New Report Finds That Employers Are Increasingly Making Employees Pay Higher Prices for Drugs

November 14, 2019

The Kaiser Family Foundation just released their 2019 Employer Health Benefits Survey, and it contains disturbing news. It concludes that new employer benefit designs are increasingly exposing consumers to the list prices of their drugs, and that they are paying much higher prices. Employers are making their employees bear more of the costs of prescription drug drugs. And as drug prices continue to increase and companies bring more expensive medicines to market, these consumers are in big trouble.

 

A little bit of background: Every year the Kaiser Family Foundation conducts an annual survey of employer sponsored health benefits, and the 2019 report looked at the benefits at over 2,000 companies. Employers are one of the nation's biggest payers for prescription drugs, because almost all large employers and many small employers provide health benefits to their employees. 99% of the workers in these covered plans have prescription drug benefits. As drug costs increase, so do the costs for the employers.

 

These employer prescription drug plans reward consumers for using more affordable generic and lower tier drugs. And if consumers want to use drugs on higher tiers they have to pay more. But Adam Fein, CEO of Drug Channels, looked at the data and concluded that "Many people with employer-sponsored insurance face out-of-pocket costs linked to prescription list prices regardless of the actual net, post-rebate costs. That’s because coinsurance percentages are computed based on the price negotiated between the pharmacy and the plan or PBM. These negotiated prices are typically close to list prices. Even worse, patients pay the entire negotiated price when they are within a deductible."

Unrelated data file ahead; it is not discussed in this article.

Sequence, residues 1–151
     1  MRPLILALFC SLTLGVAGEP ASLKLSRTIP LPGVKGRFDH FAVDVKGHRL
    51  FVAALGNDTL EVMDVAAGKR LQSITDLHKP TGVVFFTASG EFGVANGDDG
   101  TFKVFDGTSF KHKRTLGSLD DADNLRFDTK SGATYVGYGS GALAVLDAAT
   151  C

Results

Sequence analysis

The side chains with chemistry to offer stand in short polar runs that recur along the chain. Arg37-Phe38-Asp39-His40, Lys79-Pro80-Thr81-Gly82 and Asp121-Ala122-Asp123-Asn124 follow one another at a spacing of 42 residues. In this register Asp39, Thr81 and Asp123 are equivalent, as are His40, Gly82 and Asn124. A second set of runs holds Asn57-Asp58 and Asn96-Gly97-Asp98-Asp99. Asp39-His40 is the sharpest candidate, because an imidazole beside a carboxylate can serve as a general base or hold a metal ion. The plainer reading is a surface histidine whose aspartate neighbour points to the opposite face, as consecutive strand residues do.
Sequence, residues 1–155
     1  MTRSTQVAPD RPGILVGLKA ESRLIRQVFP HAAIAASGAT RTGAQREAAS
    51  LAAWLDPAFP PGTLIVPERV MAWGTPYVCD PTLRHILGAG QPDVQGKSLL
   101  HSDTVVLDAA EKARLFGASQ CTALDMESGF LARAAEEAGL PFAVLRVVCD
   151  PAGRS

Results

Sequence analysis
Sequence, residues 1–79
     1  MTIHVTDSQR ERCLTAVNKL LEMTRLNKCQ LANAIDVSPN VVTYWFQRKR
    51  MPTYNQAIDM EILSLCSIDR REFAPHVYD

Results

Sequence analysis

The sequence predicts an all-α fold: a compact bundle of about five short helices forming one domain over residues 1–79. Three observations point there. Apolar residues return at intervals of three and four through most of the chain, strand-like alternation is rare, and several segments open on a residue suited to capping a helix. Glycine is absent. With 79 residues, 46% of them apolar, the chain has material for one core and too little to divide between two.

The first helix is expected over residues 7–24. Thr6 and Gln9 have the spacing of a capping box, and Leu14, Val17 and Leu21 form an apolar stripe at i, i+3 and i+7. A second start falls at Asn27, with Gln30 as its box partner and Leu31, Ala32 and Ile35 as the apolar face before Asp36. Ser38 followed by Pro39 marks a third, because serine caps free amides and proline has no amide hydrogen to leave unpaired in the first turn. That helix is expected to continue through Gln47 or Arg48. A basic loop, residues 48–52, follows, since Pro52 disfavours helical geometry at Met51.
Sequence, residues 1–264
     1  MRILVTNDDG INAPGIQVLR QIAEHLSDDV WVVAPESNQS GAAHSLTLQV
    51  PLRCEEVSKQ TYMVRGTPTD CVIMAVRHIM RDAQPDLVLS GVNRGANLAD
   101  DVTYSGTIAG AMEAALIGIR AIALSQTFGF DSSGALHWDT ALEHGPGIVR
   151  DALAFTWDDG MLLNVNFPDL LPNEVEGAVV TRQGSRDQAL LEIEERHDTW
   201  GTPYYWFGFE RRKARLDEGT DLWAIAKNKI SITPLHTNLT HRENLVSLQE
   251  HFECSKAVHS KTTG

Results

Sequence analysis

And for consumers who have high deductible health plans with a savings option, companies are increasingly providing them with three tier plans instead of the usual four tier plans. And about 10% of these consumers are in plans where the cost sharing is the same no matter what the drug type or how expensive it is. Furthermore, many consumers now have no out of pocket maximum costs for certain drugs, especially more expensive specialty drugs.

 

These are all bad trends. The list prices of drugs are much higher than the prices after discounts. The whole idea of these discounts is to reduce drug prices for everyone. If consumers aren't getting the benefits and their costs are closely linked to skyrocketing list prices, the discounts aren't serving their intended purpose.

 

And as drug prices increase, many employers are changing their plans and shifting more of the costs onto their employees. Such arrangements are bad for employee health, bad for the companies, and unsustainable over the long run. Policymakers should take action to lower drug prices in order to reverse these trends, and employers should invest in the health of their employees.

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